Upper Gastrointestinal Endoscopy :: Esophageal Dilatation :: Percutaneous Endoscopic Gastrotomy
Percutaneous Endoscopic Gastrotomy
Percutaneous endoscopic gastrostomy (PEG) is a surgical method of supplying food, liquids, and medicines directly into the stomach without performing an open operation open laparotomy).
It is performed on patients who have difficulty in swallowing or unable to take in food through mouth. The purpose of PEG is to provide adequate nutrition to the patients who cannot swallow food.
It is performed by a surgeon, otolaryngologist (ENT specialist), radiologist or gastroenterologist (GI specialist). Avoid drinking or eating 8 hours before the procedure.
The procedure is performed under local anesthesia to numb the throat. An endoscope (a thin flexible tube with tiny light and camera on the end) is passed through the mouth into stomach. A small incision is made on abdomen over the stomach. A PEG tube or feeding tube is pushed through into the stomach. The endoscope ensures the correct positioning of the tube in the stomach. The tube is then tied to the skin.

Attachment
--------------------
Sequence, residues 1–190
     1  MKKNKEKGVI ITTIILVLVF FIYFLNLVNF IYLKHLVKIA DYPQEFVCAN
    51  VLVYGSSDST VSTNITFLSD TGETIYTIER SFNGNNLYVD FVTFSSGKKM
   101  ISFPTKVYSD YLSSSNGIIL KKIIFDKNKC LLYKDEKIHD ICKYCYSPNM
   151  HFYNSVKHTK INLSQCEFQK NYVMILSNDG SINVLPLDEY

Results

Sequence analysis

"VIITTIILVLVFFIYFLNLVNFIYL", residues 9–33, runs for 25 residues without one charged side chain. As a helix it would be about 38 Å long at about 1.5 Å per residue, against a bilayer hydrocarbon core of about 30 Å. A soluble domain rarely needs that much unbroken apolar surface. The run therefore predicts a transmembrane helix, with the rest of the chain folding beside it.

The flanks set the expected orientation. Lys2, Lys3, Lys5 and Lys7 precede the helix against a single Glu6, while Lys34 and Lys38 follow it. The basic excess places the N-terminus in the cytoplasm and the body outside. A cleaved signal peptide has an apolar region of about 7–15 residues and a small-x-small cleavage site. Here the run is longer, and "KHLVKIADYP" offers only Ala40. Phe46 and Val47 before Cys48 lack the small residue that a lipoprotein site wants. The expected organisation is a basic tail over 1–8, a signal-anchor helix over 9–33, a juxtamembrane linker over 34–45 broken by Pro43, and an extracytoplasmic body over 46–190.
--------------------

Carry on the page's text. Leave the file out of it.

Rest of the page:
The advantages of this surgery over gastrostomy (opening of abdomen)
- Fast healing
- Less risk observed
- Less time taken to perform the surgery
Some of the complications with PEG tube include pain at the PEG site, leakage of the nutritional liquids around the tube, or malfunction of the tube. Other complications include infection, aspiration (inhalation of gastric contents into the lungs), bleeding, and perforation (a tiny hole that develops in the bowel wall).